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The Case for Bitcoin and FIRE

Updated: Dec 2, 2020

The FIRE community has shunned the idea of Bitcoin for some time now. It has become a taboo subject because it has been perceived as a get-rich-quick Ponzi scheme. I have been doing research for the past 3-4 months on Bitcoin and its future, and have decided to invest. Bitcoin has been around for 11 years at this point, and it has been building its network and trust in the financial services space as well. It just crossed the all-time-high price on 11/30/20, close to $20k per Bitcoin. As of right now (12/2/20), the price is $19,156 per Bitcoin.


Bloomberg, Fidelity, and Deutsche Bank are all endorsing Bitcoin and see huge potential. PayPal and CashApp allow users to buy and sell Cryptocurrencies. Soon Venmo will allow this as well (early 2021).


Large public companies have put in millions of dollars into Bitcoin as a hedge against inflation. Square has invested $50 million. MicroStrategy has invested $425 million. Because of the COVID-19 pandemic, countries around the world have been printing fiat (paper money) as a band-aid to protect their economies. This is going to cause catastrophic inflation over the next 10-20 years or more. The United States debt is $27.3 trillion as of right now. We're not going to ever pay this back (my personal opinion).


Right now, the government needs to continue printing money in order to keep people and businesses alive. Their potential plan is to increase inflation from 2-3% to 4% or more over the next 10-20 years. That means money sitting under your mattress or in a checking account are losing value at around 4% per year for the potential foreseeable future.


Inflation increases all asset values, like real estate and stocks and gold, because it costs more dollars to purchase the same amount of the given asset. I see real estate, stocks, and gold doing very well because of this inflation, but not as well as Bitcoin.


Bitcoin's main purpose as I see it right now is a "store of value." There are only 21 million Bitcoin (BTC) that will ever be produced. Several million have already been lost, and the vast majority have already been mined (produced). Every 4 years, BTC has a halving event, which cuts in half the BTC that can be mined per day. This creates an increased demand each time this happens, as it becomes more and more difficult and less profitable to mine more BTC.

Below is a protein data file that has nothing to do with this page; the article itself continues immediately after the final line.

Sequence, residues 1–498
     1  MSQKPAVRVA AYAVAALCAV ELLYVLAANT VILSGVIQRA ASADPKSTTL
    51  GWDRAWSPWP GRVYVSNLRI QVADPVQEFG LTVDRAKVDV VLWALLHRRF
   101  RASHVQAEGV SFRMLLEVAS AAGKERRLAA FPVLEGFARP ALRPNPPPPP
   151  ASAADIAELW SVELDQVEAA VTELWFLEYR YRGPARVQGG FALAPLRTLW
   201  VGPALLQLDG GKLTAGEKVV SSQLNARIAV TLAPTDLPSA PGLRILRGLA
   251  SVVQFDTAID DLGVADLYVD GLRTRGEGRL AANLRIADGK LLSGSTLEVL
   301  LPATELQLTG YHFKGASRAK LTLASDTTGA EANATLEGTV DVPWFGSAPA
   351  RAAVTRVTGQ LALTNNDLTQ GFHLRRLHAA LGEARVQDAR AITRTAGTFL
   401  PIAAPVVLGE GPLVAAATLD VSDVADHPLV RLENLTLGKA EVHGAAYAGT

BTC price predictions are anywhere from $100k to $350k by the end of 2021. If the price goes to $300k per BTC and you happen to own 3.33 BTC, you have just become a millionaire. The cost of 3.33 BTC would be close to $64k with today's price. If you invested $64k into an index fund, such as VTSAX, and earned 10% per year, it would take you 28 years to become a millionaire.


What I really like about Bitcoin is the fact that you can self-custody your assets on a hardware wallet (glorified USB device). This protects you from hackers online who may attack various exchanges. You can have multiple back-up devices and you will also get a 24-word key-word phrase that can be used to restore your Bitcoin if you lose all your hardware wallets.


If you are in the FIRE (Financial Independence, Retire Early) community, you should do some research and consider BTC to be a part of your investment portfolio. Fidelity has published a 29-page document describing Bitcoin as an investment. There is risk, but there is also huge reward possible. The risk of investing in BTC has decreased over the years, but it does have huge volatility. So, the best strategy is to buy and hold. BTC enthusiasts call this the HODL strategy (Hold On for Dear Life!). If you never sell, similar to index investing, you can't lose money (unless BTC becomes obsolete). Please do your own research before investing. But, don't wait too long!


Resources:


YouTube

"What is Bitcoin and Why is it Important"

"Open Letter to Ray Dalio"


Podcasts

"The What Bitcoin Did Podcast"

"Bitcoin Audible"


P.S. I haven't done extensive research on the numbers I've put down here, so please fact check me if you would like. I ain't got time fo' dat.


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